I feel that Irish companies are innovating globally and leading the pack in Travel Tech.
Yeah, it’s funny. There’s quite a concentration of TravelTech stars in Dublin. I go to all the trade shows, I speak at all the trade shows all over the world. It is absolutely dominated by successful Irish businesses. Some have been around a long time, the Datalex’s, the OpenJaw’s and so on. Then there’s the new kids on the block, like Boxever. Culturally – and this really comes down to the subtleties – people just like us more. And that is a fact. If I’m up against a Brit or a Californian or whatever, I bet you I can get the customer to want to work with me ahead of anyone else. And that is not to do with innovation, it’s about relationships. You have to have credentials. You have to have something else that they want as well. But we do have an edge.
Do you think because we’re so likable we’re more innovative? Can those two things be connected to each other?
They’re separate, they’re distinct. I think we might be more pragmatic, that our innovation comes incrementally from existing businesses and sectors. So for TravelTech, you see a lot of the companies had existing domain expertise. They’ve known the sector and they’ve innovated within that knowing what the target market would be, knowing that there’s a problem that needs to be solved. It’s less Silicon Valley on an innovation level, but it’s more achievable, more investable. You should have a better hit rate with that approach, especially if we keep getting the investment, free flow of cash. I think we’ve culturally and environmentally got an advantage over a lot of other places. And we’re English speaking.
And Dublin is cool. And I always look back at what Bono did and all the cool stuff that came with it. It makes a difference. Before there was substance, cool came and that attracted people with substance and fostered substance.
What’s the cool stuff that happened?
Culturally, Dublin seemed cool. People wanted to be here. Music came out of here, U2 back then, The Script more recently. I know it sounds ridiculous, but it works, right? It’s the same as the hippies in California, the surfers and all that stuff, which laid the roots for Silicon Valley. I think we have an environment here where we could have the multi-tiers, the big rockets that may or may not take off. Businesses like ours, they have substance to them. They’re kind of organic, businesses that just grow bigger and bigger and bigger. So long as we don’t sell too early, as long as we finance and refinance in order to grow – we have 460 people here now – we’ll be up to 650 in twelve months’ time. We’ll be 1,000 in two years’ time. We have a great future ahead of us, like many Irish businesses. There is some constraint because of the size of our market, which gets helped a little bit with the Googles and the Facebooks because they bring the people in and we feed off that. The ecosystem is there, but not on the scale that you’d need it. With continued government support, I think it will be.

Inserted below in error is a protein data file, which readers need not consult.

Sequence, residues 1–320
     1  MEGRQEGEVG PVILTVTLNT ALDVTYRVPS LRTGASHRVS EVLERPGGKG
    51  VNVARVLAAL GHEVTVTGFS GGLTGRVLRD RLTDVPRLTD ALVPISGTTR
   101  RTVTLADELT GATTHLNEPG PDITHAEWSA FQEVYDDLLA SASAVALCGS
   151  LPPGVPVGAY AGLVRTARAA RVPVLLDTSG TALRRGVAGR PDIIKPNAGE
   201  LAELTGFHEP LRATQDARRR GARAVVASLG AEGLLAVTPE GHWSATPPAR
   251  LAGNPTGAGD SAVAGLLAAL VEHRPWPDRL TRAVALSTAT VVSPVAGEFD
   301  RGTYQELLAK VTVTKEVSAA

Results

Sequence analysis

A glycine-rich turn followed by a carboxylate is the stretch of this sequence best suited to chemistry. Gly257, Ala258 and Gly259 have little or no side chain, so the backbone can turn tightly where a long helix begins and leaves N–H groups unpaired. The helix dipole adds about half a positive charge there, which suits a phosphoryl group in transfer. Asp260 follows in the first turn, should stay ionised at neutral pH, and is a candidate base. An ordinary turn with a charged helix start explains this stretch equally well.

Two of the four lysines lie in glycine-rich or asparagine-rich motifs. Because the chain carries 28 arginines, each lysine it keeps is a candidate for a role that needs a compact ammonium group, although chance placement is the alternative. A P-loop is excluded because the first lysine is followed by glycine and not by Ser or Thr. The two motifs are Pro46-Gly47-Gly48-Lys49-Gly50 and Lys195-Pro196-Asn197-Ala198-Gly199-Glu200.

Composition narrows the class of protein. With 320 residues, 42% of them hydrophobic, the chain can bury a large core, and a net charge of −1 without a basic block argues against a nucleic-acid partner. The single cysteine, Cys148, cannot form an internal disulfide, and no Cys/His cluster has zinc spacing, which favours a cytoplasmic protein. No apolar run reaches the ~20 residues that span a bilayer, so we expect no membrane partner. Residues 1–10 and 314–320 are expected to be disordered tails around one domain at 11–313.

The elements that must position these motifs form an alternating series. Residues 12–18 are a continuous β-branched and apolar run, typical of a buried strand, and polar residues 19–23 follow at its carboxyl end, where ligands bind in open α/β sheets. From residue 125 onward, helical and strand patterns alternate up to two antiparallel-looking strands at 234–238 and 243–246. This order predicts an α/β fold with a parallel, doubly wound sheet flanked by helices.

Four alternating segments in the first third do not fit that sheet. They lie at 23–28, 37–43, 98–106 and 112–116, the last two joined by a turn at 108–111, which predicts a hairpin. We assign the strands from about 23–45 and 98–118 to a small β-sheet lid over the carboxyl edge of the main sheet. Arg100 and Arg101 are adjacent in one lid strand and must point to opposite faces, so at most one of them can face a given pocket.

One of the misconceptions about Ireland – and Dublin in particular – is that the multinationals that are here are just here for property and tax. But what I’m seeing is a great collaboration between multinational companies and our startups and one feeding off the other, feeding back and forth.
We have an ecosystem of big companies, startups and things in between. And they do feed each other because the big guys bring in worldwide expertise, and masses of talent. I mean, look at the number of nationalities at Google or Facebook. It’s just amazing. These people spend two years there, they get their credentials and then they want to do a startup themselves or they want to be a part of the startup. We feed off them and it’s great. So give them a friendly corporation tax, because they’re feeding the much more important indigenous industry that will thrive, and will be sustainable.
You guys are very good at thought-leadership. What got you guys into that, and what would your advice be to other startups who want to be thought leaders?
The first time I heard the phrase ‘Thought Leadership’ coined was by IONA, by Chris Horn. You’ll see that the reason all the big Irish tech companies, the Datalexes, the Openjaws, the reason we’re all successful is because we all do that. It’s hugely important and a major part of our success. When I’m invited into small companies, the first thing that I say is, “Whatever you do, thought leadership needs to be a part of it, because you punch above your weight with that.” Just find a subject of interest and be an expert on the stage about that subject. And then you’ve created a brand halo. People will want to talk to you, they will respect you and they will want to do business with you. That’s how we’ve ran our business, on the stage at the airline and airport conferences talking about behavioral economics, data signs, UX conversion optimization, all these subjects people want to hear about. All you have to do is grab a microphone and you’re the expert. It’s a hugely important sales device. Funnily enough, I recommended that approach to one of the startups in Dublin and he stole my entire deck and pitches at the same conferences I do, so I shot myself in the foot a bit. (laughs)